Pedestrian deaths skyrocket in 2020 despite sharp drop in driving during pandemic
New data from Association of Governors for Road Safety (GHSA) The 2020 projects saw the largest annual increase on record in the rate at which drivers hit and killed people on foot.
What drove this surge? The likely culprits are dangerous driving such as speeding, drunk driving and drugs, and distraction, which plagued US roads during the COVID-19 pandemic, combined with infrastructure problems that have affected US roads during the COVID-19 pandemic. prioritized the movement of motor vehicles over walking and cycling for many years.
In March, the GHSA offered an overview of pedestrian fatalities in states and nationally for the first six months of 2020 based on preliminary data reported by state road safety offices (SHSOs) in all 50 states. and the District of Columbia (DC). The report warned that if there were fewer drivers on the road, pedestrians continued to be at increased risk of being struck and killed by a vehicle.
New Pedestrian Deaths by State: 2020 Preliminary Data Addendum, released May 20, provides a first look at predicted pedestrian fatalities for the full year using additional preliminary data provided by OHSS.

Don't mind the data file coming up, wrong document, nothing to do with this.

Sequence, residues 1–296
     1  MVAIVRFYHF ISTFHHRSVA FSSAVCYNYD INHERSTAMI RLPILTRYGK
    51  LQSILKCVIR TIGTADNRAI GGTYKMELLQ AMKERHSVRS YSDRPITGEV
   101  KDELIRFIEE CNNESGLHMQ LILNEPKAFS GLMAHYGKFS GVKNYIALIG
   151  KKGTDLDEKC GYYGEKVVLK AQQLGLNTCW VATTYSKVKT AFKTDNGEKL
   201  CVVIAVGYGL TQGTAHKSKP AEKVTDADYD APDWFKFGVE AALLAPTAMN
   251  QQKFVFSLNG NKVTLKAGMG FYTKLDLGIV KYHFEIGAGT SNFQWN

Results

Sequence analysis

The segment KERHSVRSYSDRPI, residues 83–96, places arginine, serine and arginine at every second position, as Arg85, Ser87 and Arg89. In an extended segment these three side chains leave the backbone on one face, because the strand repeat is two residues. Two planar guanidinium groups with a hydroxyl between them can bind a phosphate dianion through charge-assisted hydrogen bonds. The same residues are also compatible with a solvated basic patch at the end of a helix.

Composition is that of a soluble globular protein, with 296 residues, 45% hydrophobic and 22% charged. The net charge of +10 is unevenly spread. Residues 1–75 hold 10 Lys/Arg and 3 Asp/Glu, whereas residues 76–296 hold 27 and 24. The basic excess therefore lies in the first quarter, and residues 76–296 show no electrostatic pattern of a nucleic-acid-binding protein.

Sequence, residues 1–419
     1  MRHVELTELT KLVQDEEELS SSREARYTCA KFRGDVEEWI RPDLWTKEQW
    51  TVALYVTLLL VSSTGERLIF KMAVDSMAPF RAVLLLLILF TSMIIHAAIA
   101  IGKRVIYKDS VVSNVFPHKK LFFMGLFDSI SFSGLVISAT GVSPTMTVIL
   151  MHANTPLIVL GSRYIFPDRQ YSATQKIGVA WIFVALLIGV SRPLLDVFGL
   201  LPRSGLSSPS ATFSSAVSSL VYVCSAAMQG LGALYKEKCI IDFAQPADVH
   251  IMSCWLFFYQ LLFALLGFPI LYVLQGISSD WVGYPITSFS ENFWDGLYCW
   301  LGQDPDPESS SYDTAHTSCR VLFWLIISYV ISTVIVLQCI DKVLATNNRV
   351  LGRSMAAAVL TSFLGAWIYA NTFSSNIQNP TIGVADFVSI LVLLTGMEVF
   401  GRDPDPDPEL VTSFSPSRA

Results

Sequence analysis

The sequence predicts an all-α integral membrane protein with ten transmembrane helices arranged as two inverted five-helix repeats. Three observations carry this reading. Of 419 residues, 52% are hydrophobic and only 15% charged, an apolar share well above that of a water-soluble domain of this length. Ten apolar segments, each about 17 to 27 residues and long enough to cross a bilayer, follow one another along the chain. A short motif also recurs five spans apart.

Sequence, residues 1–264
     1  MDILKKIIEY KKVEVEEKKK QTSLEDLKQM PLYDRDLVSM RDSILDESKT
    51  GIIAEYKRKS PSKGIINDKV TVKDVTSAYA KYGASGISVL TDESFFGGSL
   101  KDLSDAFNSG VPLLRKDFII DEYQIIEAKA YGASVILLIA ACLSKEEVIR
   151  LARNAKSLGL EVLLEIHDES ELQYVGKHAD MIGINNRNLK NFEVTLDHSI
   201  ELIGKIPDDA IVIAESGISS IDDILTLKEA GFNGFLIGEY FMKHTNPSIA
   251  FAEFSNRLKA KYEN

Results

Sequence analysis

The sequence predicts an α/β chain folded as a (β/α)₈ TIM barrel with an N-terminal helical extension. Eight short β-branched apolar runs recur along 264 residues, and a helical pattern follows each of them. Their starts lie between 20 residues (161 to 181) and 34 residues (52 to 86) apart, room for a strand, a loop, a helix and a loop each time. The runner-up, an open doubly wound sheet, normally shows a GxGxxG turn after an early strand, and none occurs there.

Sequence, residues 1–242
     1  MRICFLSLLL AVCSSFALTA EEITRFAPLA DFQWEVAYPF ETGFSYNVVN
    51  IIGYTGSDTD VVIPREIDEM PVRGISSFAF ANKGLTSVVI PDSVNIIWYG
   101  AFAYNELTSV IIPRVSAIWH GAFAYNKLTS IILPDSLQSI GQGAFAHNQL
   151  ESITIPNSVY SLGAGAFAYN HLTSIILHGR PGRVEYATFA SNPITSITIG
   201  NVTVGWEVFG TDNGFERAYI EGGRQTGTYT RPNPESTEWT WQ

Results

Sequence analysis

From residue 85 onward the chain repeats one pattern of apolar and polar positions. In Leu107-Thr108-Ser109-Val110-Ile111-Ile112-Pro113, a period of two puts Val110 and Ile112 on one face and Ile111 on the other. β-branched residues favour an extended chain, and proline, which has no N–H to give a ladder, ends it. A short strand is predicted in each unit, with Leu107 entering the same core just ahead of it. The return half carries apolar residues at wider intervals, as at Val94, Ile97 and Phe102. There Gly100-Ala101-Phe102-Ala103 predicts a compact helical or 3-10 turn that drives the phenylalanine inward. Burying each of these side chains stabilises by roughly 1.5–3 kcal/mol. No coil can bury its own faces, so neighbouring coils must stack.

According to GHSA projects, 6,721 pedestrians were killed in 2020, an increase of 4.8% from the 6,412 deaths reported by SHSOs the year before. Factoring in a 13.2% decrease in vehicle-miles traveled (VMT) in 2020, the pedestrian fatality rate was 2.3 per billion VMT, a shocking and unprecedented increase of 21% from to 1.9 in 2019.
This projection represents the largest annual increase in the pedestrian fatality rate since the inception in 1975 of the National Highway Traffic Safety Administration’s (NHTSA) Fatality Analysis Reporting System (FARS).
“The past year has been filled with so many deaths and losses as COVID swept across the country. As America gets vaccinated and returns to normal, we must treat pedestrian safety like the public health emergency it is, ”said the executive director of GHSA. Jonathan adkins. “We need to step up our efforts to …